With only 22 days remaining until Selection Monday, the third and final regular season top-16 reveal by the NCAA Division I Women’s Basketball Committee showed movement beyond the No. 1 seed line, which remained the same from the last announcement on February 1.

Monday’s reveal again identified UConn, Mississippi State, Louisville and Notre Dame as the four No. 1 seeds, with Baylor, Oregon, South Carolina and Texas close behind as No. 2 seeds. Seed Nos. 9-16 included Florida State, UCLA, Missouri, Tennessee, Ohio State, Maryland, Georgia and Stanford, respectively.

 
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The final two weeks of the regular season and upcoming conference tournaments will help determine the 64-team bracket for the 2018 NCAA Division I Women’s Basketball Championship that will be announced on Monday, March 12.

In addition, the committee designated region assignments for all 16 seeds.  If the season ended today, UConn would be the No. 1 seed in the Albany Region, while Mississippi State would be the top seed in the Kansas City region, Louisville in the Lexington Region and Notre Dame in the Spokane Region.

UConn would be joined by South Carolina, Florida State and Stanford in the Albany Region.  The Kansas City region would include Mississippi State, Texas, UCLA and Maryland.  In the Lexington region, Louisville, Baylor, Tennessee and Ohio State would be assigned.  The Spokane region would include Notre Dame, Oregon, Missouri and Georgia.

“This third reveal presented a number of challenges for the committee,” said Rhonda Lundin Bennett, chair of the Division I Women’s Basketball Committee and senior associate athletics director and senior woman administrator at the University of Nevada. “Based on results over the last several weeks, identifying those teams on the number four seed line versus those teams just outside of the top 16 became even more difficult as those teams all possessed similar looking resumes. The committee will be paying close attention as the regular season concludes and conference tournaments help to clarify much of the discussion we had for this announcement.”

No. 1 seeded UConn is currently the top-ranked team in the latest Associated Press top 25 poll. The Huskies, 26-0, are in the midst of their 25th-straight 20-win season. UConn has won an NCAA-record 112 straight regular season games.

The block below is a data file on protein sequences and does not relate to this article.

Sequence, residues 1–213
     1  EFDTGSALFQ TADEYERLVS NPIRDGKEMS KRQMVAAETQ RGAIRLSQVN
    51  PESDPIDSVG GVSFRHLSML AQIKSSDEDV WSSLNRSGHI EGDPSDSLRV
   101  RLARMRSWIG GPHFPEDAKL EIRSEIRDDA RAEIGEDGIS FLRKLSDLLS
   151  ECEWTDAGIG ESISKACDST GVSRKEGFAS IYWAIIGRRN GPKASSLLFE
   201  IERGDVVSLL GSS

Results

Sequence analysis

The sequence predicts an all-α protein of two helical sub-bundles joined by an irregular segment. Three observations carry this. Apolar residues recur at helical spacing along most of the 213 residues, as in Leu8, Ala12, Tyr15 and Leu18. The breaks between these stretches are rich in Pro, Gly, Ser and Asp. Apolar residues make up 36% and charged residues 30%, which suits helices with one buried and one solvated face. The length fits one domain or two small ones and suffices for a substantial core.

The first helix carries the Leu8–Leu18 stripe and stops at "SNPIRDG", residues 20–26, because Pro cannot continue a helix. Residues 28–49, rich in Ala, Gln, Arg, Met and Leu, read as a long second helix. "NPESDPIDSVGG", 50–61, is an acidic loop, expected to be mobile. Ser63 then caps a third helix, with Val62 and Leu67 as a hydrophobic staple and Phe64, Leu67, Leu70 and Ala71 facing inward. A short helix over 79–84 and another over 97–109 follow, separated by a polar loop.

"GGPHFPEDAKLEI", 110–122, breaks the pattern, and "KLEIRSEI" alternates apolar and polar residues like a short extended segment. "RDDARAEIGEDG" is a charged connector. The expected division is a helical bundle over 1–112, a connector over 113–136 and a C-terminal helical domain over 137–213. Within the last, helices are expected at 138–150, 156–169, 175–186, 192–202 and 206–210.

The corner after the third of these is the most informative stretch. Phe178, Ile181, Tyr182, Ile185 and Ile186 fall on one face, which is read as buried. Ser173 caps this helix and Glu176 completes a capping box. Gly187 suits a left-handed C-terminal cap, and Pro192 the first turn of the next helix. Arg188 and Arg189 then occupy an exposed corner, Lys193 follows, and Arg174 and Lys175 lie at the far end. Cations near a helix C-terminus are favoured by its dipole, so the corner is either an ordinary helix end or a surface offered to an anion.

Mississippi State, which on Sunday clinched its first-ever Southeastern Conference regular season championship, is now 28-0 on the season and stands as the No. 2 overall seed. The No. 3 overall seed, Louisville, 27-2, is currently tied with No. 4 overall seed, Notre Dame, 25-2, atop the Atlantic Coast Conference standings. 

The first and second rounds of the 2018 NCAA Division I Women’s Basketball Championship will be played March 16-19 on the home courts of the top 16 seeds. Regional action will take place March 23-26, with Kansas City, Missouri (Sprint Center) and Lexington, Kentucky (Rupp Arena) hosting on March 23 and 25, while Albany, New York (Times Union Center) and Spokane, Washington (Spokane Veterans Memorial Arena) will host regional games on March 24 and 26.

The 2018 Women’s Final Four will be held March 30 and April 1 at Nationwide Arena in Columbus, Ohio. Ticket information for all championship sites is available at http://www.ncaa.com/tickets.

NCAA Division I Women’s Basketball Committee – February 19 – Top-16 Ranking*

  1. UConn (No. 1 seed – Albany Region)
  2. Mississippi State (No. 1 seed – Kansas City Region)
  3. Louisville (No. 1 seed – Lexington Region)
  4. Notre Dame (No. 1 seed – Spokane Region)
  5. Baylor
  6. Oregon
  7. South Carolina
  8. Texas
  9. Florida State
  10. UCLA
  11. Missouri
  12. Tennessee
  13. Ohio State
  14. Maryland
  15. Georgia
  16. Stanford

*Rankings based on games played through Sunday, February 18.

Regional Assignments

Albany:

1. UConn

2. South Carolina

3. Florida State

4. Stanford

Kansas City:

1. Mississippi State

2. Texas

3. UCLA

4. Maryland

Lexington:

1. Louisville

2. Baylor

3. Tennessee

4. Ohio State

Spokane:

1. Notre Dame

2. Oregon

3. Missouri

4. Georgia